L50 (CP160) character on the same account enters  Vulkhel Guard(AD) and runs out to the East past the Harborage.  They see a crab.  How does the crab CON to the character?  ANSWER: The crab appears to be the same relative level as the character.

    Now that L50 (CP160) character has been the Harborage many many times for the main questline and every time the crabs there pose the same challenge.  So, if you disagree, please explain.
    What every dev/pub should stand behind: "We're committed to creating a fair playing field for all players. You cannot gain gameplay advantage by spending real money in [INSERT GAME NAME]."
  • IselinIselin Member LegendaryPosts: 12,895
    Papasmerv said:
    Now that L50 (CP160) character has been the Harborage many many times for the main questline and every time the crabs there pose the same challenge.  So, if you disagree, please explain.
    If that crab is posing the same challenge at 50 /160 you are doing something terribly wrong with both gear and skill use.

    The only way that would be even remotely possible is if you use no skills whatsoever and just light attack and heavy attack while using garbage gear.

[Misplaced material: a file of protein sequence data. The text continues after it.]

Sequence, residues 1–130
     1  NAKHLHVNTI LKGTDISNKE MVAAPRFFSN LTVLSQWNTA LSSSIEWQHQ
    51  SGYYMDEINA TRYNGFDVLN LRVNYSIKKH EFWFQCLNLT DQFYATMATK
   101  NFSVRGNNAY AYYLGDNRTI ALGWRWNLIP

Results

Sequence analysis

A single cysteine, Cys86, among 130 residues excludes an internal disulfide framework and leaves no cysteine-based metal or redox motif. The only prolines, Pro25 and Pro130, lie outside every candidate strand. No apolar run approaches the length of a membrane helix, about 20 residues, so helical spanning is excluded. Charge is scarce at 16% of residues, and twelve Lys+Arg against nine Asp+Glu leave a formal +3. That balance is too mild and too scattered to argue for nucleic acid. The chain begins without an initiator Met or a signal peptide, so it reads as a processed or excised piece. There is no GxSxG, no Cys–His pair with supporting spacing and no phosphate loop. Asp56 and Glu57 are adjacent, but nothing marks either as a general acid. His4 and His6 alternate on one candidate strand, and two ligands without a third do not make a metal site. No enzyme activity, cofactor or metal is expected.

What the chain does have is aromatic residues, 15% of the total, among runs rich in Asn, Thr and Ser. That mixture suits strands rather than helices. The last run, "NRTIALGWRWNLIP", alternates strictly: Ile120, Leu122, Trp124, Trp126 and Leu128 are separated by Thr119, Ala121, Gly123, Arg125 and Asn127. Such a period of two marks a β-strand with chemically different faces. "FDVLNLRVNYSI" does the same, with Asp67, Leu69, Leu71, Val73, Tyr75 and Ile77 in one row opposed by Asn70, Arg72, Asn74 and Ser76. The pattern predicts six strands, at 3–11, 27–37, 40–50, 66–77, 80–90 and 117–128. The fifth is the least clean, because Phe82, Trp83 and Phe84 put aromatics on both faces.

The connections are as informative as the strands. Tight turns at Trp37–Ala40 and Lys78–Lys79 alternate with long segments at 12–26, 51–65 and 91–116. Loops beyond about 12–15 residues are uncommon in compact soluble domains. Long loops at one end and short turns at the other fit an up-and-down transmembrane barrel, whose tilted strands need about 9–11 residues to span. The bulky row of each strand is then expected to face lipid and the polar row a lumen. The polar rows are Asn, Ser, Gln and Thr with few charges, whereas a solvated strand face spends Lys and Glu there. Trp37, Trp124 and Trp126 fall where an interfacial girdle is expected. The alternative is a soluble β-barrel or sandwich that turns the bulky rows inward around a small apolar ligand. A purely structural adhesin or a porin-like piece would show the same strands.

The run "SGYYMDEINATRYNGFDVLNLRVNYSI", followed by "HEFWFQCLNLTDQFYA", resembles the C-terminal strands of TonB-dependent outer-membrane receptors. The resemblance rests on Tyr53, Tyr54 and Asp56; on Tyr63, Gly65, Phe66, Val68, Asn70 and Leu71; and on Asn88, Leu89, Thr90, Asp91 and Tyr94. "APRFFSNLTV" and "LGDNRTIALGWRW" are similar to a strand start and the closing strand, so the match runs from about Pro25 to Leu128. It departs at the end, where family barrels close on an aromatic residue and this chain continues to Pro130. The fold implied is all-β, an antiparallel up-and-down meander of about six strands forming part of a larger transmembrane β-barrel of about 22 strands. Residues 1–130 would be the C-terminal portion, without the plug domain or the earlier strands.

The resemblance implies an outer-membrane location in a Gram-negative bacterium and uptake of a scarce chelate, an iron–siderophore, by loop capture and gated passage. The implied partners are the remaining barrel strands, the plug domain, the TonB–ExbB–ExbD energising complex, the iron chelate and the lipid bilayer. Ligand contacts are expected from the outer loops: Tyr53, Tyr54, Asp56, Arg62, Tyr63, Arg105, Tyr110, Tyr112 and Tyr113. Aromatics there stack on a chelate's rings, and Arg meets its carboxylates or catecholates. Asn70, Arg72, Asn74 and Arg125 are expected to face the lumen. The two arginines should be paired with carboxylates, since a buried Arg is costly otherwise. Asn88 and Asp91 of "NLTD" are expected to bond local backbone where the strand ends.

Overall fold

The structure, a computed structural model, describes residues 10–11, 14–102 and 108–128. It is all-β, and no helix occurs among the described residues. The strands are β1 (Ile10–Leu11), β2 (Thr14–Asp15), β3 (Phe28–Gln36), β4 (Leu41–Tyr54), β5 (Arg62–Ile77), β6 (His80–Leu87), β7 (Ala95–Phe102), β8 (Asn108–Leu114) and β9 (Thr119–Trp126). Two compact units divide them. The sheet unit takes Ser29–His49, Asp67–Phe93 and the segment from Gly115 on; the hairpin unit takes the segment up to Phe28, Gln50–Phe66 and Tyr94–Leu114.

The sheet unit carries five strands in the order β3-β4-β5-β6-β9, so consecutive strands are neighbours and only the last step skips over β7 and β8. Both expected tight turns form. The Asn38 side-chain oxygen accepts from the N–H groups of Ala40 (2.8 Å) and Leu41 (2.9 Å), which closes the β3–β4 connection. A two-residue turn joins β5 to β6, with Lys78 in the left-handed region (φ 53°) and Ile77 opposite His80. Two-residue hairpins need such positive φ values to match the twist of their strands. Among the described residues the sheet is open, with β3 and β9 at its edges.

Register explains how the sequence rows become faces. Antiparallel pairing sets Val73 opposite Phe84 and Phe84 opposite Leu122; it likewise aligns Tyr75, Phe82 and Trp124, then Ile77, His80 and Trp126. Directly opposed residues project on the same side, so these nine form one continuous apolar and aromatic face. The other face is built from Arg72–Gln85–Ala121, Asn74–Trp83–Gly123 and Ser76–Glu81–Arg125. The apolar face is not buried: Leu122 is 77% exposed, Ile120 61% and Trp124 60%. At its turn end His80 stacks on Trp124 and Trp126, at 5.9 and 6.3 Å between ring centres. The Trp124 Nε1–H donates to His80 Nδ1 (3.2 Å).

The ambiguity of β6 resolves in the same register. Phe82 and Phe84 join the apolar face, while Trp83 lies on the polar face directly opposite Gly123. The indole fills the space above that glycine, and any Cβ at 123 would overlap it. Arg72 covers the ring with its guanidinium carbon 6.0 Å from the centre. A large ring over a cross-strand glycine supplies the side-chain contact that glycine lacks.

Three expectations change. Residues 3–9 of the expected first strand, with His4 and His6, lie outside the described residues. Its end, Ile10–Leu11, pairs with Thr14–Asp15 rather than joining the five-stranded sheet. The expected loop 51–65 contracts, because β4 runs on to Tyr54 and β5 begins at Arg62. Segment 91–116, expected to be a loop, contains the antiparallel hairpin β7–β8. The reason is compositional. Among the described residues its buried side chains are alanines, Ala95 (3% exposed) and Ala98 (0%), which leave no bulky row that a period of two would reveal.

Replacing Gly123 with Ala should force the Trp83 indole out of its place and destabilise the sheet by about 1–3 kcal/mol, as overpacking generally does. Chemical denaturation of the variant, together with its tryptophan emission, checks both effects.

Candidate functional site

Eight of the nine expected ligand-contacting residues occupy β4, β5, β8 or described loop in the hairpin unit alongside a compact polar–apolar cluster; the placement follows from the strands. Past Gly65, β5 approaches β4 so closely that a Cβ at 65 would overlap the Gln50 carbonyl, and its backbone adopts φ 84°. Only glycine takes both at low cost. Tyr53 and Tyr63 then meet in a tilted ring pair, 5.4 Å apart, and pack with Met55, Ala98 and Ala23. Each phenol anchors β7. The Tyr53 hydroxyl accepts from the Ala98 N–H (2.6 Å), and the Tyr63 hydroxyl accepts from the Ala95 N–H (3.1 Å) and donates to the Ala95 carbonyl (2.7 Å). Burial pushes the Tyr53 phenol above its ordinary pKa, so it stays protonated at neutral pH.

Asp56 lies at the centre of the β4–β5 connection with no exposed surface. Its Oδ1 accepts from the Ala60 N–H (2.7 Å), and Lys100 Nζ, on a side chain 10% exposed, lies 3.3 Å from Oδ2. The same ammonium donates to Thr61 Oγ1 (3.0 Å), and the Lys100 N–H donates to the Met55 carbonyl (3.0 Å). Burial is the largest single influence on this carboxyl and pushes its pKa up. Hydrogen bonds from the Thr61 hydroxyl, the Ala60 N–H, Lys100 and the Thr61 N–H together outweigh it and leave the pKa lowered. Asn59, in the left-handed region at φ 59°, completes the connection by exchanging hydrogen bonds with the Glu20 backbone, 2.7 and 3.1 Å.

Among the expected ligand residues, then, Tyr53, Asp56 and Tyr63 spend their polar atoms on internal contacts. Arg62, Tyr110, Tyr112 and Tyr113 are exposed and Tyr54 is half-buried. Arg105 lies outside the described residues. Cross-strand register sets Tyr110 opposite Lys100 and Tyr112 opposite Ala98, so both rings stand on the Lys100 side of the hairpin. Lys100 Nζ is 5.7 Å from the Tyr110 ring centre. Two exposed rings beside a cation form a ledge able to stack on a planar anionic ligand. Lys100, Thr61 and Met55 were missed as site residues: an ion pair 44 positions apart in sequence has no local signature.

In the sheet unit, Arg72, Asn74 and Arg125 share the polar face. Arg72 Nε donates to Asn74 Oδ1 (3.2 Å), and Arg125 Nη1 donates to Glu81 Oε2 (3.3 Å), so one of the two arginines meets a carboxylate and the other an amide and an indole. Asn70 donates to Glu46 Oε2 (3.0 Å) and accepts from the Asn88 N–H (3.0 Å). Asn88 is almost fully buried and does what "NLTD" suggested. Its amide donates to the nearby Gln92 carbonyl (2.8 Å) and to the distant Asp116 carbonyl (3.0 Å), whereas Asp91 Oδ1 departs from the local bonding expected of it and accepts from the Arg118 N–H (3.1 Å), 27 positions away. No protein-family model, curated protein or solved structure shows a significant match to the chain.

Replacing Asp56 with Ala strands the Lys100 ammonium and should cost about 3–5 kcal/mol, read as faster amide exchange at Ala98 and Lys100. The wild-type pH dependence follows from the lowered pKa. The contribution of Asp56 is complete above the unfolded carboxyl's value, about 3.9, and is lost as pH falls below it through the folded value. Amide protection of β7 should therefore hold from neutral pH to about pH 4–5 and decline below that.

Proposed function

I'm not saying it doesn't happen because sadly, I have indeed seen people playing the game just like that.
    “Microtransactions? In a single player role-playing game? Are you nuts?” 
    ― CD PROJEKT RED
  • Loke666Loke666 Member EpicPosts: 21,441
    Iselin said:
    This discussion reminds me a bit of the talk in another forum I visit daily.

    It's a sports subreddit about a currently hapless team, the Vancouver Canucks. Some fans are dissatisfied with the way management is going about trying to rebuild the team into a contender and much semantic debate goes on about "re-tooling" vs. "re-building."

    Some of the more radical fans talk about "blowing the team up" and starting over as if that was a better solution to keeping what good you do have and adding to it as you can through free-agency or the draft.

    It sounds like you want to blow-up MMOs and start fresh. That's one option, I suppose, but a radical one.

    Levels, like I said, are just a detail. It is not a roadblock to progress. Progress can be made on what levels do or don't so as is the case with the ESO example. There is no need for them to totally go away.

    And BTW, ESO does have a ding GFX :)
    The basic of MMOs is that they are basically large scale pen and paper RPG simulators. I don't want to change that, that would be blowing things up. But I certainly wouldn't call removing levels (or trinity, raids or similar things) radical. It is one legacy rest from D&D, heck, more then half of the pen and paper systems I played didn't have levels at all. Of course removing all those things at the same time would be radical but none of them are a must.